Malay Mail 8th Mar 2024: Saifuddin Nasution: No more agents for Bangladeshi worker recruitment

6th March 2024: Malaysian government halts foreign worker entry into the country from 31st May 2024 (final calling visa/VDN approval issuance deadline 31st March 2024) as migrant worker management crisis worsens and victims of gross exploitation, unemployment and destitution rise significantly

6th March 2024: Business Times –Sudden change in foreign worker policy by Malaysian government leaves industry in limbo

6th Mar 2024 Edge: Foreign worker intake deadline changes will leave manufacturers in the lurch, says FMM

6th Mar 2024 FMT: Industry players shocked by foreign worker policy change, says FMM

5th March 2024: NCCIM urges govt to review unused foreign worker quota deadline

4th March 2024 URGENT call for donations/support: joining forces with HOPE SELANGOR to fill gap in providing humanitarian aid and assistance to victims of criminal syndicate trafficking Bangladeshi workers into forced labour in Malaysia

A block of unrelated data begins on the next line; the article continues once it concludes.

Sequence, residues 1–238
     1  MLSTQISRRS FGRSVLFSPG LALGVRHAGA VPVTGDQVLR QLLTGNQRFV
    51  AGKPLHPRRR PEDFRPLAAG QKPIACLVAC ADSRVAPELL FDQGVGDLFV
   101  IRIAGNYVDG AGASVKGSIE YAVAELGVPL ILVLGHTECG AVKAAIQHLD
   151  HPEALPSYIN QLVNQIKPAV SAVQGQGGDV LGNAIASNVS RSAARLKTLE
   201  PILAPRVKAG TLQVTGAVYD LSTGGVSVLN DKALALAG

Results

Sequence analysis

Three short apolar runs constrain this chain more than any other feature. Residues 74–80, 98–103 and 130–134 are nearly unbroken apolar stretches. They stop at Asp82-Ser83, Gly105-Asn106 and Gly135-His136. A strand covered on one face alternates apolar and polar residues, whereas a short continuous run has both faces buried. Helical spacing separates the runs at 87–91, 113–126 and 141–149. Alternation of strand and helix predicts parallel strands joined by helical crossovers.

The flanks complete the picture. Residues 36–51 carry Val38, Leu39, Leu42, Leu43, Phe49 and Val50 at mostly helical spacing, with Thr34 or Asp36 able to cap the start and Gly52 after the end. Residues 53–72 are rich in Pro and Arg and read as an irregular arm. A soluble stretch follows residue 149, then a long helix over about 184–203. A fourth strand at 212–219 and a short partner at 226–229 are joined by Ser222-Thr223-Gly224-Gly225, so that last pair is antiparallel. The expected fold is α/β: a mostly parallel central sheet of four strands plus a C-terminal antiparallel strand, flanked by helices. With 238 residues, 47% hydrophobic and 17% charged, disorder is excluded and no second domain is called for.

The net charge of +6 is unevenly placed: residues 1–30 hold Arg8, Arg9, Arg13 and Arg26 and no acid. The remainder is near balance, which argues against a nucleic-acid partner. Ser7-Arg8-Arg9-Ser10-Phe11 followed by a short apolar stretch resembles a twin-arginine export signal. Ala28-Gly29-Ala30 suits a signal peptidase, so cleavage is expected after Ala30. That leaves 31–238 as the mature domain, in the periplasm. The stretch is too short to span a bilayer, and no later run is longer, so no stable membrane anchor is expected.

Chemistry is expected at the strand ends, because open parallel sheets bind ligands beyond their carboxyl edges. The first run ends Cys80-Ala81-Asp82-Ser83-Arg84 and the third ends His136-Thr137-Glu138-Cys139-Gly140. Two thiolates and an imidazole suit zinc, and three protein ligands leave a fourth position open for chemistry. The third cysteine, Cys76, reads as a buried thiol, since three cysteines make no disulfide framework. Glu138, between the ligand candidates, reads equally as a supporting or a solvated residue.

3rd March 2024: Concern on repatriation of potential trafficking and forced labour/abuse victims under Malaysian Migrant Worker Repatriation Programme Commencing 1st March 2024 (Statement by Andy Hall, Independent Migrant Worker Rights Specialist)

3rd March 2024: Ensure ‘crooks’ do not gain from repatriation programme, says activist

2nd March 2024 The Star: A chance for illegals to go home

2nd March 2024 The Star: Sarawak immigration extends RTK2.0 until June

EDGE 1st Mar 2024: Home Ministry moves to free up foreign workers quota, unused allocations to be cancelled from June 1

1st March 2024 FMT: 600,000 foreign workers urged to take easy exit home

1st March 2024 The Star: Use repatriation programme to return home, 600,000 illegals told

1st March 2024 MalayMail: Saifuddin reminds employers to get their foreign worker affairs in order before March 31

28th February 2024 The Star: New programme lets migrants off the hook without being prosecuted

25th February 2024 The Star: Businesses want foreign worker hiring freeze lifted

31st January 2024 NST: Govt to implement Migrant Repatriation Programme starting March